Knowing that they have to move from the place soon, Raymond wakes Emily up and promises to keep her safe and explain everything later, as the woman is understandably confused. Mike and Raymond decide to drive her away in a van while Carson goes to clear out the men to avoid any dangerously fired shots at the van. Carson takes down the men and signals Raymond to drive the van out, but in a short while, the car is stopped by a random pedestrian, an elderly woman, who suddenly pulls out a gun and shoots the two men dead. When Dan and Harold arrive on the scene sometime later, they find the van in the middle of the road, with Mike and Raymond’s bodies inside. There is no sign of Emily or Julian Carson at all. Realizing that they have lost on this front, Dan and Harold now make their way to the airport to board Faraz Hamzad’s private plane and play the rest of the game on the Afghani’s terms.

On the other hand, Faraz Hamzad finally makes an appearance in the present, as the elderly man waits around eagerly for something, until Emily Chase is driven to his compound, and the two take glances at each other.

Why Was Faraz Hamzad Actually Trying To Track Down Dan Chase?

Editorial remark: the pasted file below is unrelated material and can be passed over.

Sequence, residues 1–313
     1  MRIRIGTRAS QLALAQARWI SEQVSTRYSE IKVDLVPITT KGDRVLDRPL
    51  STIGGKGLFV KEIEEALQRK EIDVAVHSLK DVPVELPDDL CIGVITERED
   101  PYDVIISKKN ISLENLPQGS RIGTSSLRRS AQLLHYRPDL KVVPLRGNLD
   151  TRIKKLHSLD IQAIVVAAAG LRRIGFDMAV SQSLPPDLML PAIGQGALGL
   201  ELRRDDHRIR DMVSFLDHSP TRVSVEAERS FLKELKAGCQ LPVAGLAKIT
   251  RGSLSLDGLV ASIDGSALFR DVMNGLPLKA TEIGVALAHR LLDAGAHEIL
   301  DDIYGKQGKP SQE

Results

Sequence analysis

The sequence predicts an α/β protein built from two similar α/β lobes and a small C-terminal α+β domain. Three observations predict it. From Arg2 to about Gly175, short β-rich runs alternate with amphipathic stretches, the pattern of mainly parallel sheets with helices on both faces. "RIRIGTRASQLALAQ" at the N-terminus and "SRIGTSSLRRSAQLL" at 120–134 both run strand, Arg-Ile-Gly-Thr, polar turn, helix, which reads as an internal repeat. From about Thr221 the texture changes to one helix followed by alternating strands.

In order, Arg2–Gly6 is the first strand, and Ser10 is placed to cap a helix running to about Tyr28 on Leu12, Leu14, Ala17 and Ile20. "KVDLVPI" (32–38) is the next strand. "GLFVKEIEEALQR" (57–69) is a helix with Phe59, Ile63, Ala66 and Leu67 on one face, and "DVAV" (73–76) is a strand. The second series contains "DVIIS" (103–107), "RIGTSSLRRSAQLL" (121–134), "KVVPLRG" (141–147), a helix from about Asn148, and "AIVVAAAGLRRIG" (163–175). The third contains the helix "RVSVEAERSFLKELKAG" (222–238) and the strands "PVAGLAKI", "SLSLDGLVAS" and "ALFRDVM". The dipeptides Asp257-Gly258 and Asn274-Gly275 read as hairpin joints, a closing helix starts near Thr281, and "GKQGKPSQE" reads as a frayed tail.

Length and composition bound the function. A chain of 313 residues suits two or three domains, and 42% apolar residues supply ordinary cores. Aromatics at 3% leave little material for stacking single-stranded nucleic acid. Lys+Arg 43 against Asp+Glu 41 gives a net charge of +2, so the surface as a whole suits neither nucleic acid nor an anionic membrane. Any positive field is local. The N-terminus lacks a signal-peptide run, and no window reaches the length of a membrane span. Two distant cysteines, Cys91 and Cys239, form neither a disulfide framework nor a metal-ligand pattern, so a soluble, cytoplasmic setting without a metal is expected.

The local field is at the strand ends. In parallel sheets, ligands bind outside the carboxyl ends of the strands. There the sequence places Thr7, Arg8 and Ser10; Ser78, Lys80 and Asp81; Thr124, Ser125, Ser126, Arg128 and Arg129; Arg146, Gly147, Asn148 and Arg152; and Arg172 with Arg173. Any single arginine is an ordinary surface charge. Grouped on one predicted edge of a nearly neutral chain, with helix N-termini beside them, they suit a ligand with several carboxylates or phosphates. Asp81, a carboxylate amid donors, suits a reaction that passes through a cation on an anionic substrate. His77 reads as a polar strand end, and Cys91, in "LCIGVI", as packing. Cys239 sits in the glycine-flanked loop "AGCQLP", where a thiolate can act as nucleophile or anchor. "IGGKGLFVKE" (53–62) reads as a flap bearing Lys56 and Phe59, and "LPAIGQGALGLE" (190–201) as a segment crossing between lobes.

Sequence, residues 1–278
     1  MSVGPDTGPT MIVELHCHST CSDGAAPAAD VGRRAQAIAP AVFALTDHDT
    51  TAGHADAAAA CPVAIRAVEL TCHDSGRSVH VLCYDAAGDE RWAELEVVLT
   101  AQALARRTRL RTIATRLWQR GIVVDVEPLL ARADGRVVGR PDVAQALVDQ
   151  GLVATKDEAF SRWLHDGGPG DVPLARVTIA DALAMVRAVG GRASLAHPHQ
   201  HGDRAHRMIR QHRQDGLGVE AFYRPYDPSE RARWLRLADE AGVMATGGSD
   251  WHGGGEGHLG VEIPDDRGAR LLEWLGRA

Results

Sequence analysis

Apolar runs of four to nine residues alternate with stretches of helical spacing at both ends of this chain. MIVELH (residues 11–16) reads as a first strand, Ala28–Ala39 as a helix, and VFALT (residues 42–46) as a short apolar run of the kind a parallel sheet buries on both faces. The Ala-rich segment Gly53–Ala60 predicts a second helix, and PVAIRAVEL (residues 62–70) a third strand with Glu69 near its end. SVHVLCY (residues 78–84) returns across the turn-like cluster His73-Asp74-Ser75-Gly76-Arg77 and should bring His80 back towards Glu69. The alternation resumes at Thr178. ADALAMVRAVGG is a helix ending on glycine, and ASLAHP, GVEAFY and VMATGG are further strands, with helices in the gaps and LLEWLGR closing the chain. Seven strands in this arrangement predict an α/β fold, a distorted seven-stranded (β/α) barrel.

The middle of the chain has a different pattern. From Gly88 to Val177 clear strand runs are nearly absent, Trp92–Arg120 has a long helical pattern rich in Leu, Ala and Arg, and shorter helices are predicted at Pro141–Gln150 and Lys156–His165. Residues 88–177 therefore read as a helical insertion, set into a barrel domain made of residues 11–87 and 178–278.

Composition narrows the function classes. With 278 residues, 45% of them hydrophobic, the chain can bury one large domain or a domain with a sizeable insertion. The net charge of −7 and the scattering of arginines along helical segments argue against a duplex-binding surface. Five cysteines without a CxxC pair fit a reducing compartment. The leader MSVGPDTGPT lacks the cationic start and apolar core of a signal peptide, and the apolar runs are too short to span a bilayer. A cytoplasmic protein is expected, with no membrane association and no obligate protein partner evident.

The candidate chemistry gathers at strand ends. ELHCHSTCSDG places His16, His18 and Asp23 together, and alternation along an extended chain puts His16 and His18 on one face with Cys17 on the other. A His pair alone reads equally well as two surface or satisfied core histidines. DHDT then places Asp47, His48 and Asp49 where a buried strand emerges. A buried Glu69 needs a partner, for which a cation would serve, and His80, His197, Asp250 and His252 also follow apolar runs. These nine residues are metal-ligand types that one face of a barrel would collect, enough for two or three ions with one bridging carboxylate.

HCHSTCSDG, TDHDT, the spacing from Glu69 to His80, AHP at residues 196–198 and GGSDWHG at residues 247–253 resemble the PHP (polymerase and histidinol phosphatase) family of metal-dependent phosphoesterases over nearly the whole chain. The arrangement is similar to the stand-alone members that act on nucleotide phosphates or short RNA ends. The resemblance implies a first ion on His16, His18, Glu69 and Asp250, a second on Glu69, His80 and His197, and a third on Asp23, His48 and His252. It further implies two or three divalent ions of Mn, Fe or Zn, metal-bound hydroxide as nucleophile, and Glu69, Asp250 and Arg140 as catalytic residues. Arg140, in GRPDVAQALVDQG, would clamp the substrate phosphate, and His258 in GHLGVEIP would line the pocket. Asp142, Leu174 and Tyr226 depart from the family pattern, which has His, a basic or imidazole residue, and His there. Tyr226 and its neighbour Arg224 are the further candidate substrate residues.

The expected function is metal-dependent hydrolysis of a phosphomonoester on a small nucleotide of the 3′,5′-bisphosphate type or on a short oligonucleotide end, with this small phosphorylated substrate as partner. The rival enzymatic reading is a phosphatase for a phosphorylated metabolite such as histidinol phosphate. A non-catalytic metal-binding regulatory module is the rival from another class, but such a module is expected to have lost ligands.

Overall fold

Scenes from thirty years ago finally show the Afghan rebel leader Faraz Hamzad confronting both his wife and chief advisor, Belour, and his recently made close friend, Dan Chase, or Johnny Kohler, as he was then known, about his recent learnings. Hamzad had already figured out that his two closest aides had helped his Soviet hostage, Suleyman Pavlovich, escape from the camp, and the man was now asking for answers regarding it. Belour stepped up and revealed how she had been feeding information to the Soviets and did not want Pavlovich to reveal all of it in public, but this does not clear Hamzad’s suspicions. The rebel lord says that he had already guessed something like this was in the works, and was now sure there was something even more serious that his wife was hiding from him. As Dan tries to cover for Belour, by lying that he had handed over Pavlovich to the CIA to better his own position, Belour herself now comes out with the whole truth to her husband. She tells Hamzad that she knows the location of the immensely rich mineral deposit that can easily turn the country and the rebels’ fortunes, and Hamzad is utterly confused as to why she had not told him any of this before. Belour expresses her fear that she suspected all this wealth and power in just one man’s hands could potentially turn her husband into a frightful dictator that he genuinely was not, but Faraz Hamzad dismisses any such possibility. The greed of fortune, perhaps, is already bright in Hamzad’s eyes as he demands Belour to tell him of the location, and when she hesitates, the man tells her to take some time, to sleep over the thought, and then tell him of the location the next day. As Belour frustratedly leaves the scene, Hamzad looks at Dan with disappointment in his eyes, and, perhaps even realizing that he does not need American help any longer, asks Dan Chase to be gone from his camp by the next day.